The Old Testament Essay

892 words - 4 pages

Christian theologians have taken part in biblical scholarship for centuries on the qualities of the Old Testament that have changed western civilization forever. Walter Brueggemann is no exception to the enormous contributions theologians have made to these discussions in his respected work, The Prophetic Imagination. Here, Brueggemann proposes the social actions of the prophets Moses, Isaiah, Ecclesiastes, and Jeremiah as revolutionary insofar as each of their ministries provided a radical alternative for the social consciousness for the Hebrew people of their time given the context of their dominant social realities. These prophets provided a new social orientation for the Hebrews away from the power holders of their ever changing social hierarchy to that of a social life and though centered on their God Yahweh. Brueggemann explains this using Biblical citation while also applying this thesis to a theological critique of the modern Judeo-Christian faith and its preaching. Given Brueggemann’s analysis of the prophets’ social criticism, his argument is compelling and sheds new light onto how readers of the Bible ought to review the Old Testament.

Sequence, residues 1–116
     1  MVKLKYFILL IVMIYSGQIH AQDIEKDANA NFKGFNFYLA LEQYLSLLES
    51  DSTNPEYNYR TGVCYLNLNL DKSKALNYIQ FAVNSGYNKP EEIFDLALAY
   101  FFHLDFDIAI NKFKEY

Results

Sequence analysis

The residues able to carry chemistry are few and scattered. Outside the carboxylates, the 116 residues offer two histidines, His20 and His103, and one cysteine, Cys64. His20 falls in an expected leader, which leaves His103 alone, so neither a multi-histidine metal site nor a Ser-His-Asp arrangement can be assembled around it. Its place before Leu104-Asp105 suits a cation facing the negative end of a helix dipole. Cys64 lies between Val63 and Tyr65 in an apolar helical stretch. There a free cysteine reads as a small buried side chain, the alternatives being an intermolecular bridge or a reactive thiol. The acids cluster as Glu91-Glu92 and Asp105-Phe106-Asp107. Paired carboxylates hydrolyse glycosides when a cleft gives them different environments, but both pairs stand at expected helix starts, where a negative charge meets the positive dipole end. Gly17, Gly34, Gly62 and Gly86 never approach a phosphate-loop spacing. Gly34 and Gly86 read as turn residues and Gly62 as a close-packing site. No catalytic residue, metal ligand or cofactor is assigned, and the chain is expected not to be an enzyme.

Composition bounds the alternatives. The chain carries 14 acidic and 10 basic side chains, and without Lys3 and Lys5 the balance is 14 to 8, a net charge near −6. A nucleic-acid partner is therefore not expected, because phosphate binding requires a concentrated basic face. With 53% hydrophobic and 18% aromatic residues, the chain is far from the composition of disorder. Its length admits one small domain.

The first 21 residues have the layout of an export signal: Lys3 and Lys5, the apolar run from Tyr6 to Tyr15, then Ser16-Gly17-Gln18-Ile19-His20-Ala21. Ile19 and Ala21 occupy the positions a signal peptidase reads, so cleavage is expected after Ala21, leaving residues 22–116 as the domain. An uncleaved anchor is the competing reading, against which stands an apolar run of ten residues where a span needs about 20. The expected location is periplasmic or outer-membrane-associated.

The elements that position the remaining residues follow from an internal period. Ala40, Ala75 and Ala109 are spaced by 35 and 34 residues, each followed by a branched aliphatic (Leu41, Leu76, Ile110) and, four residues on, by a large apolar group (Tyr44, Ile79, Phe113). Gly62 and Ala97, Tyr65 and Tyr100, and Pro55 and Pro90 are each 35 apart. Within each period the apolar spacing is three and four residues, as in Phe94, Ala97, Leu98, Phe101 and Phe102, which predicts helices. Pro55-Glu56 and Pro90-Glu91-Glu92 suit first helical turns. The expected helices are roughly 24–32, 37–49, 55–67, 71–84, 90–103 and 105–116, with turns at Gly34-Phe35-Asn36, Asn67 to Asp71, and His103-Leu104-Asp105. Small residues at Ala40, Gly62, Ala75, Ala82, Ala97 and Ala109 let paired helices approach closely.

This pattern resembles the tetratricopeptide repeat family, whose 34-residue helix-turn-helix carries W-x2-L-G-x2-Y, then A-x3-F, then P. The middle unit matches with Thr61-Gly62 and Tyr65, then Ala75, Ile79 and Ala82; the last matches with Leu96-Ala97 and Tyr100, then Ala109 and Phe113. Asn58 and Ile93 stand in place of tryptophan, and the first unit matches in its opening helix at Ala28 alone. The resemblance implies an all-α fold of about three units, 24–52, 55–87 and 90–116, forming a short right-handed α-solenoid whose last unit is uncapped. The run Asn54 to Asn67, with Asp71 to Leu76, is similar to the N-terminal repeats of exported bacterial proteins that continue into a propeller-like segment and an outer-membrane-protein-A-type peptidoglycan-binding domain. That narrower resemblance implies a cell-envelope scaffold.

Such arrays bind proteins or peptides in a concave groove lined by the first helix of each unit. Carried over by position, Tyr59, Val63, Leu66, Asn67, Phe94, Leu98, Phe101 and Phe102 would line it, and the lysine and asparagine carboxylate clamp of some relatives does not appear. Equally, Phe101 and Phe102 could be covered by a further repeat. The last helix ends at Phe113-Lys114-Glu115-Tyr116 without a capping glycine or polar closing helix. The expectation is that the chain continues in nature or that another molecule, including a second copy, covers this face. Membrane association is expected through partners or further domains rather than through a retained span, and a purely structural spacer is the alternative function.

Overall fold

Brueggemann begins his work by defining the sole task of prophetic ministry, which is meant to introduce an alternative social reality to the dominant structure followers are led to believe in at their own peril (Brueggemann p. 3). With Moses as the prime example of this prophetic movement in the book of Exodus, Brueggemann explains that prophets must criticize enduring social themes in ongoing struggles while energizing the public to believe in the alternative freedom of God. Moses in battling the pharaohs of Egypt in Exodus had to provide a differing social and political view to the politics of oppression with the legitimate order of their God Yahweh (Brueggemann p. 8). By changing the language of public discourse through doxology, Moses introduces the notion of God’s freedom to the Hebrew people, where God does not take sides so much as his people ought to be on his side amidst the static deities of ancient Mesopotamia (Brueggemann p. 10-11). Brueggemann cites multiple passages from Exodus to explain his view of combating political ideologies of the time.
What Moses and the prophets after him are trying to persuade the Hebrews away from is what Brueggemann refers to as the Royal Consciousness, which is defined as “leading people to despair about the power to move toward new life” and that the response of the prophetic imagination was to “bring people to engage the promise of newness that is at work in our history with God” (Brueggemann p. 59). This is the belief system Brueggemann applies to both the Egyptian Pharaohs in Exodus as well as the Kingship of Solomon in the Book of Kings. Prophets must adhere to introducing a...

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